OPEC shocked the oil markets on Wednesday, moving past their differences to agree on the first collective production cut since the global financial crisis. The surprise agreement sent oil prices skyrocketing by more than 6 percent.
The announcement had such a strong impact on oil prices precisely because a production cut was not thought to be under consideration. The meeting had been billed as “consultative,” that is, not a meeting where decisions would be made. OPEC officials also said that the deal that was on the table was just for an output “freeze,” not a cut. If OPEC wanted to signal to the world that it could still function as a group and was still relevant to the oil markets, it succeeded.
However, the devil will be in the details. OPEC said that it would trim its output from the current 33.24 million barrels per day (mb/d) to 32.5 mb/d. But it did not apportion the reductions to any of its members. Who will cut and by how much will be decided at the official meeting in Vienna on November 30.
Given OPEC’s track record of discord, one could be forgiven for being distrustful of the group’s ability to not only cordially agree to allocated production cuts, but even if such an outcome can be obtained, it is also possible that individual members do not abide by the limits. Each member is not eager to cap their production, and two years of low oil prices has made them intent on making up lost revenues on volume.
Putting aside that skepticism, if OPEC can proportion out roughly 740,000 barrels per day of production cuts between its members, even then the impact should be viewed by the oil market with a bit of a shrug, or at least a skeptical eye. That amount is not exactly a game changer. First of all, that is roughly the volume that was lost in Nigeria for much of this year due to attacks from the Niger Delta Avengers. Oil prices did rise quite a bit between February and June when the attacks were at their most intense, but they did not reach much beyond $50 per barrel.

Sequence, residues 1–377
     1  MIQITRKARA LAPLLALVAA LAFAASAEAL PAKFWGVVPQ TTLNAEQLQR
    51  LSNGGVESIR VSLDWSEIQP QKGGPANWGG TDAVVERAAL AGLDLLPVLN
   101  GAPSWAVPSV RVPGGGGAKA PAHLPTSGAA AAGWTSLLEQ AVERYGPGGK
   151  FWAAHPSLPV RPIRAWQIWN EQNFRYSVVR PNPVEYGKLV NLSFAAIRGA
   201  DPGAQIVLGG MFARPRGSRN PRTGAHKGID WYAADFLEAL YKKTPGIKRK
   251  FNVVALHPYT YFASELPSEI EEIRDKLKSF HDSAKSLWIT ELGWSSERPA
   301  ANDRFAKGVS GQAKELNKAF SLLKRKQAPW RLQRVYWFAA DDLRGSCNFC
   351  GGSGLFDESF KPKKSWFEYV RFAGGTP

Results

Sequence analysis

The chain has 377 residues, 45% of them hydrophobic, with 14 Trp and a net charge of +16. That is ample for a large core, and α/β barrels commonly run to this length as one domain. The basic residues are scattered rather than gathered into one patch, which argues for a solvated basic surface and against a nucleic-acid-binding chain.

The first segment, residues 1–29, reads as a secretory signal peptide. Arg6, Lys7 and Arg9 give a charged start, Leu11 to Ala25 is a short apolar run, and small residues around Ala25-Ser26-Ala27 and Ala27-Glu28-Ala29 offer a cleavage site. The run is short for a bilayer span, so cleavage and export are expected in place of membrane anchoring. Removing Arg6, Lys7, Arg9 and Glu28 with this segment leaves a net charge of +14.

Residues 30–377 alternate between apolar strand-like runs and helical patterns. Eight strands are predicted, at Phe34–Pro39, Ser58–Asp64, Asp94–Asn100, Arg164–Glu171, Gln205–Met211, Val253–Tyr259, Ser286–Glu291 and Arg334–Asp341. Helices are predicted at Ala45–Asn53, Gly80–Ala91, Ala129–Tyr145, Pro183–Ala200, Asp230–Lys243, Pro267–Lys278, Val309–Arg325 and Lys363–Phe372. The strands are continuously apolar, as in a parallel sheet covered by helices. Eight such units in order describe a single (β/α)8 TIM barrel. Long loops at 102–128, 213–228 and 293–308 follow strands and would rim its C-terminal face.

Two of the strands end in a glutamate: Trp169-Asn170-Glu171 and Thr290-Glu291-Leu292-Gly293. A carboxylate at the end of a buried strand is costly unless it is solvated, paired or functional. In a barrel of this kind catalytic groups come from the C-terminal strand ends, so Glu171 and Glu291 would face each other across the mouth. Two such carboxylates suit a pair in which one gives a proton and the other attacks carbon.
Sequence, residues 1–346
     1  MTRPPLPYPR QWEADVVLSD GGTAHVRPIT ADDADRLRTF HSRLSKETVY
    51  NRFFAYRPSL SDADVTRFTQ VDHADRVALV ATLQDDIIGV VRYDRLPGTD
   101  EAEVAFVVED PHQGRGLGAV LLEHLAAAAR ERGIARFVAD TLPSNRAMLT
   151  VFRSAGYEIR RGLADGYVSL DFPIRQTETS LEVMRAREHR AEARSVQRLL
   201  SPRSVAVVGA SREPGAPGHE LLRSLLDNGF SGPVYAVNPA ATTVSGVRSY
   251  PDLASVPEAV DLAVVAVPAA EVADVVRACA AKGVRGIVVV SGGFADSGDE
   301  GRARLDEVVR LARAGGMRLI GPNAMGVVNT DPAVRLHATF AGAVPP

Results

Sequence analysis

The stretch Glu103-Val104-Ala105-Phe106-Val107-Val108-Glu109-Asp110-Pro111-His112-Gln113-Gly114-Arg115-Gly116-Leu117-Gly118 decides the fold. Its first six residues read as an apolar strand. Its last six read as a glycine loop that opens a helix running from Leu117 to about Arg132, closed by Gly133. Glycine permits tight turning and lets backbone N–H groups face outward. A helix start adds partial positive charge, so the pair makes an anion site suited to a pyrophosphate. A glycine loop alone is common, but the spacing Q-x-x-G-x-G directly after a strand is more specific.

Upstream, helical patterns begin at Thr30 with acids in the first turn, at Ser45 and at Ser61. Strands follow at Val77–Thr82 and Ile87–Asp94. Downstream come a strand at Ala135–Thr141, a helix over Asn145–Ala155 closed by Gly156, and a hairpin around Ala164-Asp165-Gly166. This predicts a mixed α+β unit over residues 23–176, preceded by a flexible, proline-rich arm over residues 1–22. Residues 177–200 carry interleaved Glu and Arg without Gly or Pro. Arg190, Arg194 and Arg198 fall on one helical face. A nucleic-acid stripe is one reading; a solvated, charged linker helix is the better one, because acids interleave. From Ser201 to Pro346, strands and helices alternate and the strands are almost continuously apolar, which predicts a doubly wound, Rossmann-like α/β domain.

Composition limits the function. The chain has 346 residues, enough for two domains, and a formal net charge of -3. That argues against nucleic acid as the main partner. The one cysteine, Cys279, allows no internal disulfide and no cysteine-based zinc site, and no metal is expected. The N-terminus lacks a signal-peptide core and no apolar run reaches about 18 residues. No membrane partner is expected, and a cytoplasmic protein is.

Another reason why the OPEC cut may not be a very big deal is because Saudi Arabia may have been planning on reducing production anyways. Saudi Arabia typically ramps up production in summer to meet peak season demand – the kingdom uses oil in its electricity sector and air conditioning needs spike during the sweltering summer months. Then, as temperatures cool, output falls a bit.
Saudi Aramco might have had output cuts slated for this fall and winter. Agreeing to an official “production cut” with OPEC members could be a bit of clever marketing for an operational plan already in the works. From Saudi Arabia’s perspective, if that brought other OPEC members on board for some production limits, then it is a win without involving much sacrifice.
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To be sure, a seasonal cut from Saudi Arabia was not inevitable – if OPEC members balked at any limits, Riyadh could have kept up the pressure. Nevertheless, Saudi Arabia needs higher oil prices, and so it will probably move forward with some seasonal maintenance. And in a sign of how desperate it is to boost prices, Saudi Arabia allowed its rival Iran to be exempt from the production limits. Libya and Nigeria will also not be subject to the limits, due to the enormous interruptions suffered in those two countries. Interestingly, Iraq, after years of not being subject to production quotas (back when OPEC followed them), was not included in the exemptions.
The OPEC cuts could potentially be swamped by other sources of output. Russia added 400,000 barrels per day from August to September. Nigeria could bring a few hundred thousand barrels per day back online. Libya has already added nearly 200,000 barrels per day in recent months, and is targeting another 500,000 barrels per day of increased output. And the massive Kashagan oil field in Kazakhstan is set to come online before the end of the year, and could add as much as 370,000 barrels per day in 2017 (although those estimates are debatable). All of those gains have the potential to more than offset the planned cuts from OPEC of about 700,000 barrels per day.
Moreover, if oil prices rise, it could greenlight new drilling around the world. State-owned companies will be pleased, but so will publically-traded companies large and small. "This gives U.S. producers more confidence,” James West, partner at the investment firm Evercore ISI, told Reuters. “They may become a touch more aggressive than they had planned to be.”
As Ben Winkley of Argus Media noted on Twitter on Thursday, major investment banks are underwhelmed by the OPEC deal:
But, despite the criticism and the numerous obituaries written about OPEC over the past two years, the group is obviously still relevant. Even if the supply cuts are underwhelming, the psychological effect the group has on the markets is still enormous. Oil prices surged more than 6 percent on Wednesday and the share prices of energy producers around the world surged. It remains to be seen if the rally can continue.
By Nick Cunningham of Oilprice.com
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